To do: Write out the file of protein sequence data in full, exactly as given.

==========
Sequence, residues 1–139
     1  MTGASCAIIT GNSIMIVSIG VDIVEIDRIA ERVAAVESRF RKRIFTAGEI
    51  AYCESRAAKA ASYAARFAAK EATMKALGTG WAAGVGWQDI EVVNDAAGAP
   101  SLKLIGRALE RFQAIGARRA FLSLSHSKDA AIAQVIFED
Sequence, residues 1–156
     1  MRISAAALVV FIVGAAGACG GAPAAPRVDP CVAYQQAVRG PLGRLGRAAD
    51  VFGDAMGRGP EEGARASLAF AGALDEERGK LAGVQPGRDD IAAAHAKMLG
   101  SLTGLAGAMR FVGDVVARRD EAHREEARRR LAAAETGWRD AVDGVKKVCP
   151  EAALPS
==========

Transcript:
Sequence, residues 1–139
     1  MTGASCAIIT GNSIMIVSIG VDIVEIDRIA ERVAAVESRF RKRIFTAGEI
    51  AYCESRAAKA ASYAARFAAK EATMKALGTG WAAGVGWQDI EVVNDAAGAP
   101  SLKLIGRALE RFQAIGARRA FLSLSHSKDA AIAQVIFED
Sequence, residues 1–156
     1  MRISAAALVV FIVGAAGACG GAPAAPRVDP CVAYQQAVRG PLGRLGRAAD
    51  VFGDAMGRGP EEGARASLAF AGALDEERGK LAGVQPGRDD IAAAHAKMLG
   101  SLTGLAGAMR FVGDVVARRD EAHREEARRR LAAAETGWRD AVDGVKKVCP
   151  EAALPS